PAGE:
Another REI store has started the process of organizing a union.
A store in Berkeley, Calif. on Tuesday filed a request with the National Labor Relations Board to hold a union election. The group is looking for the company to voluntarily recognize them through the United Food and Commercial Workers Local 5 union.
With this move, this location becomes the most recent REI store to embark on the unionization process. REI workers in a New York City store in early March voted to unionize, making it the first organized REI store in the U.S.
REI said in a statement that it was notified of the petition filing for election earlier this week.
“We will fully support the petition process in Berkeley, including the right of every employee to vote for or against union representation,” the company said. “Our responsibility as leaders is to put employees at the center of everything we do, and we are working to co-create — and maintain — a best-in-class experience for our hourly employees.”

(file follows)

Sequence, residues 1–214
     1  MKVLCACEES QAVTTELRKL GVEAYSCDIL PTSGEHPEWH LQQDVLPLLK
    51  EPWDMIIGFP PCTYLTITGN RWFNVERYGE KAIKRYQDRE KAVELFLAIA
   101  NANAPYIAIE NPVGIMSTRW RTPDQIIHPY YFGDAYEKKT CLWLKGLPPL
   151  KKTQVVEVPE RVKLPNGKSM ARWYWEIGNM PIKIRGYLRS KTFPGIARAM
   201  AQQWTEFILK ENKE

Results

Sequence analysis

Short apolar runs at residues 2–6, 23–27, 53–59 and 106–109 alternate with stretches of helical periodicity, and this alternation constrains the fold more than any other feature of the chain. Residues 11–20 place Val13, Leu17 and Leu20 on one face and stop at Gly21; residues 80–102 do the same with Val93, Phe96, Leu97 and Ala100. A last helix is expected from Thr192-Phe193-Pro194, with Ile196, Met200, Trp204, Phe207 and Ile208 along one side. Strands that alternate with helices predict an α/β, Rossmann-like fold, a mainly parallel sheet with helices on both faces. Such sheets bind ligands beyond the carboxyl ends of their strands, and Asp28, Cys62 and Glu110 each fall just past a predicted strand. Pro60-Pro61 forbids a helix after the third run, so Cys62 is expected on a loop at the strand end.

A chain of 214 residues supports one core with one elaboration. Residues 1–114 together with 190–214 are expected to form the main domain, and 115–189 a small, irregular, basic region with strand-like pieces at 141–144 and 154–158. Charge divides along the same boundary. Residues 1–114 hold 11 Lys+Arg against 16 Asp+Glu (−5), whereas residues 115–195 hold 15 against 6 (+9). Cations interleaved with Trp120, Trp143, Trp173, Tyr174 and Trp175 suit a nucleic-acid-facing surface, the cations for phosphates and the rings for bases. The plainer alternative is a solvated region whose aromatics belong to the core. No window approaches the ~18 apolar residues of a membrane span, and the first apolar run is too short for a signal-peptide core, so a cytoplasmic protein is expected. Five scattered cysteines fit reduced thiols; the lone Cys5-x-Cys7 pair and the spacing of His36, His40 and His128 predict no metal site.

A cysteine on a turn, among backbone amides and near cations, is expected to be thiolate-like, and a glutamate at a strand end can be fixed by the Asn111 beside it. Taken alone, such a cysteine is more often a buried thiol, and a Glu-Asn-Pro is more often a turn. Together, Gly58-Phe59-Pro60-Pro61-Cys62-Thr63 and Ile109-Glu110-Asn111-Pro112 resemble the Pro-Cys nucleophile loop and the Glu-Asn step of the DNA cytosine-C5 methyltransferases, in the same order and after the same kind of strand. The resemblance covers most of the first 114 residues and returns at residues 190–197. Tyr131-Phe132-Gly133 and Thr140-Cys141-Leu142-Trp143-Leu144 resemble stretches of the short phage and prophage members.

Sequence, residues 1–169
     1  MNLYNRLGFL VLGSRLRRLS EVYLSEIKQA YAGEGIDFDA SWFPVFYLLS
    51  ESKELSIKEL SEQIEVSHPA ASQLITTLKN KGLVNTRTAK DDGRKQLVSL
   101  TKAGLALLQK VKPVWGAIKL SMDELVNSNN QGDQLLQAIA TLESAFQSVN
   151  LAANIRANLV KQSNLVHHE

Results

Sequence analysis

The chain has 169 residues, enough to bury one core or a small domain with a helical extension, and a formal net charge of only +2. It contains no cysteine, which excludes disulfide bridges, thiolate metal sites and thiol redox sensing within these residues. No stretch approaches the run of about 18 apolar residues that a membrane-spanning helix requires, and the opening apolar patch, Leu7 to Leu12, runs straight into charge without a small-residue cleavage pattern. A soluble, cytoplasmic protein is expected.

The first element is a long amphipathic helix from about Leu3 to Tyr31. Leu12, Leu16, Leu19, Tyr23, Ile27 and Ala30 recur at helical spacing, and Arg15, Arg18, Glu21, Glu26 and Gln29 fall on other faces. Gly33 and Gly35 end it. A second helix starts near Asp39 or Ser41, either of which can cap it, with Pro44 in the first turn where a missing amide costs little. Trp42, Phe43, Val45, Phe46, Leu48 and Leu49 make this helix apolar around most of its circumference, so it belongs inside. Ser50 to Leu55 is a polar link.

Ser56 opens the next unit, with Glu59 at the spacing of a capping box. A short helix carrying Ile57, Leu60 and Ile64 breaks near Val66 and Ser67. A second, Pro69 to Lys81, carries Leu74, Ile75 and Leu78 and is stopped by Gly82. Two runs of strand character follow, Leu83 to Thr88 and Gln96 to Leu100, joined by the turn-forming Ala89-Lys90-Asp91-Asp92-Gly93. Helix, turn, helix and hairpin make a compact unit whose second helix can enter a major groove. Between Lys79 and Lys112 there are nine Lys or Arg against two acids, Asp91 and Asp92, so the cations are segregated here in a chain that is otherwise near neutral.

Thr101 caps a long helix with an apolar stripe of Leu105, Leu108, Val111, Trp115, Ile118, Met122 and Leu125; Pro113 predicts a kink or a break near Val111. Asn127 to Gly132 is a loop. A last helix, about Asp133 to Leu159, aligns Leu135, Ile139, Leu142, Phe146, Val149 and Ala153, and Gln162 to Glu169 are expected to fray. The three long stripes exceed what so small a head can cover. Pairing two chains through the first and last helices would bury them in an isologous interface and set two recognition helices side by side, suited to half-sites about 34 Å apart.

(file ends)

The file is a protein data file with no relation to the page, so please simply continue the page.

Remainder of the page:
A wave of unionization efforts have become common across retail in recent months. Since December, three corporate-owned Starbucks stores have unionized, with more conducting votes and expressing interest. Employees at an Amazon warehouse on New York’s Staten Island officially voted to form the first Amazon union in April. In May, employees at a Christiansburg, Va. Target store filed for a union election with the National Labor Relations Board, largely stemming from the desire to have veteran employees receive an additional $2 of pay per hour.
And just last week, employees at an Apple store in Baltimore Md. store voted to unionize, becoming the first Apple store to do so.
These organizing efforts come on the heels of a pandemic that has tested the limits of many once-deemed “essential” retail employees. In many cases, retail unions are highlighting the need for support in customer-facing roles as well as additional pay and benefits. In general, people are more receptive to the movement. A Gallup poll from September 2021 showed that 68% of Americans approve of them, the highest rating since 1965.
“It’s a perfect storm,” Jason Greer, a labor relations expert and consultant and former board agent with the NLRB, previously told FN in an interview, explaining how current economic and socio-economic conditions have set the stage for a widespread push for unions across retail.